members allegedly sold pork, a Christian news agency reported Monday, July 25. Hard-line Muslims already "assaulted" the 57-year old father of the family, Emma Osagie, in the town of Ikorodu in Nigeria's Lagos state, said Compass Direct, which investigated the plight of persecuted Christians in the area. The assault apparently happened when the Muslim group tried to capture the father's 16-year-old daughter, Bridget Osagie, on July 15.
"Fortunately, we had already sent her into hiding," the elder Osagie was quoted as saying. "I was beaten up, but the timely intervention of our Christian neighbors saved me. [The militants] left vowing to come back."
Osagie said he reported the assault to police, but they allegedly did nothing to intervene. The attacks on the family and the death sentence came although his daughter "never sold pork," he added.
Militants have reportedly attacked the family several times since Muslims in Ikorodu accused Osagie’s daughter of selling pork against Sharia, or Islamic, law. They are believed to have made the allegation in 1993, when his daughter was just 4 years old.
Compass Direct said the Muslim militants have beaten each member of the family, but authorities never demanded the arrests of those responsible. Nigerian officials were not immediately available for a reaction and Muslim leaders in Ikorodu refused to comment to Compass Direct.
The attacks in the town were expected to be closely watched by churches in Nigeria as the African nation has seen a wave of religious violence in several areas over the past four years. Tens of thousands of people were killed in these clashes and many thousands more were forced to flee their homes and farms, according to church estimates.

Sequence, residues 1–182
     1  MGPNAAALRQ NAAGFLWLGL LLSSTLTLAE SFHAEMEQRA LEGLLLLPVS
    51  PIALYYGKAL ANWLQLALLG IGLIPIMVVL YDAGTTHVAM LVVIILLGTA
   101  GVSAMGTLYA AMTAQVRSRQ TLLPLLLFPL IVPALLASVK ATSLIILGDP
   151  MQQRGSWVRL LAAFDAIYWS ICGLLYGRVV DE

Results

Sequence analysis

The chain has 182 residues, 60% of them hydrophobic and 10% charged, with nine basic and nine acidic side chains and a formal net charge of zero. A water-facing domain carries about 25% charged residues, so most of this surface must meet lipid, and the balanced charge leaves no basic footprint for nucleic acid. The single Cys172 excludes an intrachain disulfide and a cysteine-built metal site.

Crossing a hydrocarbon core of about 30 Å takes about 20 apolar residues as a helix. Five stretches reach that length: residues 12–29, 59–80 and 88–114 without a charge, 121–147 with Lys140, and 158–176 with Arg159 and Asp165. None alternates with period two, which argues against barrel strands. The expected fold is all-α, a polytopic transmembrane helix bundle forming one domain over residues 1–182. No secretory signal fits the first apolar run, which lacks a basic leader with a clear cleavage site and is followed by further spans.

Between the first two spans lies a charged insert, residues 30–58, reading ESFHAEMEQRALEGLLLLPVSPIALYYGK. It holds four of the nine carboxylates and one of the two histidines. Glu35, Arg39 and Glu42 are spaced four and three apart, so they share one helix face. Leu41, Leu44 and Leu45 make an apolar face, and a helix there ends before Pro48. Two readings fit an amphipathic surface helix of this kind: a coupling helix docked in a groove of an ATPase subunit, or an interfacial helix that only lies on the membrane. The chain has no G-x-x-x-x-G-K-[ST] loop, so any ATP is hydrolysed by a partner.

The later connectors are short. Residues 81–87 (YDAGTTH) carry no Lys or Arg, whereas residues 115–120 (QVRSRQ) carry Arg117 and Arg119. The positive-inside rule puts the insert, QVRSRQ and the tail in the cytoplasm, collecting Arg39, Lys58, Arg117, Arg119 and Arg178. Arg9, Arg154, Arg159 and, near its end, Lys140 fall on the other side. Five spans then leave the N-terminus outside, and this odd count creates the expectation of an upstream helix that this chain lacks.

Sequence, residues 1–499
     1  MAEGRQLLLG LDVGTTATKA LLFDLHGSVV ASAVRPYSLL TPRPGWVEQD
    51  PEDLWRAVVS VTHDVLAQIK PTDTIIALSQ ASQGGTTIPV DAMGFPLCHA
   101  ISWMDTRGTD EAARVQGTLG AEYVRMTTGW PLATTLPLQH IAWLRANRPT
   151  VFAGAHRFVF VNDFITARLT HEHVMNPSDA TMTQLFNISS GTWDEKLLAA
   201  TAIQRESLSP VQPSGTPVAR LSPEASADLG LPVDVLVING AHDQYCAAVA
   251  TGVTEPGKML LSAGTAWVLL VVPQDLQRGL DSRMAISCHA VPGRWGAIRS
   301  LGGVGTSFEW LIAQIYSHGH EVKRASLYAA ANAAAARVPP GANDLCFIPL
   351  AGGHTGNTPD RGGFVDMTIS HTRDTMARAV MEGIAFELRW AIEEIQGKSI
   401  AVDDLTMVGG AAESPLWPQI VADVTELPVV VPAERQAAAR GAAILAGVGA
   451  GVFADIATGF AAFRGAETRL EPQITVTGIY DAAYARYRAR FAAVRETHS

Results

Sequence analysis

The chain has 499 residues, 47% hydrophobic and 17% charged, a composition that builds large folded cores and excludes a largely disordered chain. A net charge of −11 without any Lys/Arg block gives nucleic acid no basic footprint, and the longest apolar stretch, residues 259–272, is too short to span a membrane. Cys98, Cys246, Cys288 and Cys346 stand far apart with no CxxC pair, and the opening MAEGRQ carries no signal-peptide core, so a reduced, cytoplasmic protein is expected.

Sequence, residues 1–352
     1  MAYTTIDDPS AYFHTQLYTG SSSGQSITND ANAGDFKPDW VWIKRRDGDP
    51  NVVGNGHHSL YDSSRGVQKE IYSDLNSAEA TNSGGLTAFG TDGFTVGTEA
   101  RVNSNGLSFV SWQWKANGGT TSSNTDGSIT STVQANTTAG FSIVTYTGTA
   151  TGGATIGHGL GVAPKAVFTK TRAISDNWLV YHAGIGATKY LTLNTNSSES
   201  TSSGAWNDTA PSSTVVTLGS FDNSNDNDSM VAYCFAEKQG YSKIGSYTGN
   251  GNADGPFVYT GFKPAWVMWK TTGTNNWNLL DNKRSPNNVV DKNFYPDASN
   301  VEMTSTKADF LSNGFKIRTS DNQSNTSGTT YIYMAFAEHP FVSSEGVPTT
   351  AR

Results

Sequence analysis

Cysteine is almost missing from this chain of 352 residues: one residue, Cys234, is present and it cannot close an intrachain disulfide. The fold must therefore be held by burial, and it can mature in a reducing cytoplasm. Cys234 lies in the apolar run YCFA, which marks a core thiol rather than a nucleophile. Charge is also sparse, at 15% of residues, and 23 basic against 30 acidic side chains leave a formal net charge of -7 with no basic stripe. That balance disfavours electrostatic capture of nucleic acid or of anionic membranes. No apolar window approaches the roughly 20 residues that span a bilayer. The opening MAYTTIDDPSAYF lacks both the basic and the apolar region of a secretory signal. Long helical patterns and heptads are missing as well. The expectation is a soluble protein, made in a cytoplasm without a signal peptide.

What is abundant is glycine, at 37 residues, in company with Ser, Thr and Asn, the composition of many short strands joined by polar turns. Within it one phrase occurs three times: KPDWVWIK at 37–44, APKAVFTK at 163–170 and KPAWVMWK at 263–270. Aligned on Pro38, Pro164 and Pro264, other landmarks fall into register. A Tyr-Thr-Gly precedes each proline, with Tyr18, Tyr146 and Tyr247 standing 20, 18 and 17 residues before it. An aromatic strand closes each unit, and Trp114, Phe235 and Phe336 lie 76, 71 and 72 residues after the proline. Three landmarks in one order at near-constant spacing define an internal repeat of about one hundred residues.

Community leaders in Nigeria -- both Muslim and Christian -- reportedly blame the violence
on social tensions produced by the implementation of Sharia law in a dozen northern states
of Nigeria since 2001.
The country’s constitution prohibits application of it to criminal matters, but it may be applied to domestic matters such as marriage and inheritances. Nearly half of Nigeria’s 128.8 million people are Muslims, and almost 40 percent of the population is Christian, according to estimates. Sharia is not in effect in the southern state of Lagos, where the family has been threatened.
However "my fear is that anywhere they see our daughter they will kill her," Osagie told Compass Direct. "We have been forced to hide her. She cannot go to school, attend church service, or even move out," he stressed.
The family’s pastor, Rev. John Alabia, has reportedly tried without success to end the tensions. "He even arranged a meeting with the Muslim leaders here, where we decided to dialogue with them over the issue," Osagie said. "But they are bent in killing the members of our family."
In a petition, the family urged the Nigerian government to end the violence, but it has so far given no serious attention to it, Compass Direct claimed. “If something is not done urgently to check the menace of these Muslim militants, then our lives are not safe in Ikorodu,” he told Compass. (With BosNewsLife Research, Compass Direct and reports from Nigeria).